|    RTP Header                                               ...
     |    H.263+ Payload Header                                    ...
     |    H.263+ Compressed Data Stream                            ...

Any H.263+ start codes can be byte aligned by an encoder by using the stuffing mechanisms of H.263+. As specified in H.263+, picture, slice, and EOSBS starts codes shall always be byte aligned, and GOB and EOS start codes may be byte aligned. For packetization purposes, GOB start codes should be byte aligned; however, since this is not required in H.263+, there may be some cases where GOB start codes are not aligned, such as when transmitting existing content, or when using H.263 encoders that do not support GOB start code alignment. In this case, follow-on packets (see section 5.2) should be used for packetization.

All H.263+ start codes (Picture, GOB, Slice, EOS, and EOSBS) begin with 16 zero-valued bits. If a start code is byte aligned and it occurs at the beginning of a packet, these two bytes shall be removed from the H.263+ compressed data stream in the packetization process and shall instead be represented by setting a bit (the P bit) in the payload header.

3. Design Considerations

The goals of this payload format are to specify an efficient way of encapsulating an H.263+ standard compliant bitstream and to enhance the resiliency towards packet losses. Due to the large number of different possible coding schemes in H.263+, a copy of the picture header with configuration information is inserted into the payload header when appropriate. The use of that copy of the picture header along with the payload data can allow decoding of a received packet even in such cases in which another packet containing the original picture header becomes lost.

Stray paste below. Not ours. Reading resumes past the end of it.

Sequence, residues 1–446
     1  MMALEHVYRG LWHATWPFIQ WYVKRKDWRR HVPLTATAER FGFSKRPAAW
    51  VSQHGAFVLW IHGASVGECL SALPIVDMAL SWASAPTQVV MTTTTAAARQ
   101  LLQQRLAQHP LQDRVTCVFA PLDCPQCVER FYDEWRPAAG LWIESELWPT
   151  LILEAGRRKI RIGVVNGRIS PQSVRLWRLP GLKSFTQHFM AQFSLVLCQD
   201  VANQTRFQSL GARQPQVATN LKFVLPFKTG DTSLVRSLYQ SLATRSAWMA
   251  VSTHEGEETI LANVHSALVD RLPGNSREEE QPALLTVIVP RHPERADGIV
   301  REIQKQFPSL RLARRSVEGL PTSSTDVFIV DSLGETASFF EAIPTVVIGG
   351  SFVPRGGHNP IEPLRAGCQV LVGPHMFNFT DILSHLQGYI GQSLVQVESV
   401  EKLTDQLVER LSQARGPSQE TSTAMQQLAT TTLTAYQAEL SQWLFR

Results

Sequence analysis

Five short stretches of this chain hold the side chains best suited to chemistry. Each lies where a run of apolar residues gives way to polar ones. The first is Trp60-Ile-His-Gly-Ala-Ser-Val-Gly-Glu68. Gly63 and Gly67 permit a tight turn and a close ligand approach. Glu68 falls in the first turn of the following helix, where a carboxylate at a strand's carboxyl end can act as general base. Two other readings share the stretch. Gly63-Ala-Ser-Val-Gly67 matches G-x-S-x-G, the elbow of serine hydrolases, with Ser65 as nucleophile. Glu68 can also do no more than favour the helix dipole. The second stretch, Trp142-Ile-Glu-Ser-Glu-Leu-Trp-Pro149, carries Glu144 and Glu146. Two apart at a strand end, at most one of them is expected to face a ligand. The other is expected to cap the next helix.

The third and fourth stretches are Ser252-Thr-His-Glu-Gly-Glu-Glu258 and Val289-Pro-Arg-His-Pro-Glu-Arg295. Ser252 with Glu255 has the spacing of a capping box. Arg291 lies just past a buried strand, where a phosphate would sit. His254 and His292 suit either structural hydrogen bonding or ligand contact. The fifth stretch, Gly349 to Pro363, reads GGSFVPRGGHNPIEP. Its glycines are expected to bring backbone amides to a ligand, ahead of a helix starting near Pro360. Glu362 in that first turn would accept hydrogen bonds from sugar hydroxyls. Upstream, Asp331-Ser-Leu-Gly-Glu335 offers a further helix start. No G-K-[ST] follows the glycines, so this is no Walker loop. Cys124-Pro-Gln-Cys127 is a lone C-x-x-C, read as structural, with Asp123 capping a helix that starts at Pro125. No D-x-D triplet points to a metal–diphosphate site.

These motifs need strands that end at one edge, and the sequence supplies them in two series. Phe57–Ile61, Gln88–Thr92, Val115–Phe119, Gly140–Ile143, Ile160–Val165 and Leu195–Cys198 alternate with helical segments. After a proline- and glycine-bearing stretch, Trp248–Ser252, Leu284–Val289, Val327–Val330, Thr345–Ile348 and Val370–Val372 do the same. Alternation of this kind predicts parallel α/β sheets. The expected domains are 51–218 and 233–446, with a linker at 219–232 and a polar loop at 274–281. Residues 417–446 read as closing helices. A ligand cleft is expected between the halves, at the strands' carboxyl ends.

There are a few assumptions and constraints associated with this H.263+ payload header design. The purpose of this section is to point out various design issues and also to discuss several coding options provided by H.263+ that may impact the performance of network-based H.263+ video.

  • The optional slice structured mode described in Annex K of H.263+ [4] enables more flexibility for packetization. Similar to a picture segment that begins with a GOB header, the motion vector predictors in a slice are restricted to reside within its boundaries. However, slices provide much greater freedom in the selection of the size and shape of the area which is represented as a distinct decodable region. In particular, slices can have a size which is dynamically selected to allow the data for each slice to fit into a chosen packet size. Slices can also be chosen to have a rectangular shape which is conducive for minimizing the impact of errors and packet losses on motion compensated prediction. For these reasons, the use of the slice structured mode is strongly recommended for any applications used in environments where significant packet loss occurs.
  • In non-rectangular slice structured mode, only complete slices should be included in a packet. In other words, slices should not be fragmented across packet boundaries. The only reasonable need for a slice to be fragmented across packet boundaries is when the encoder which generated the H.263+ data stream could not be influenced by an awareness of the packetization process (such as when sending H.263+ data through a network other than the one to which the encoder is attached, as in network gateway implementations). Optimally, each packet will contain only one slice.
  • The independent segment decoding (ISD) described in Annex R of [4] prevents any data dependency across slice or GOB boundaries in the reference picture. It can be utilized to further improve resiliency in high loss conditions.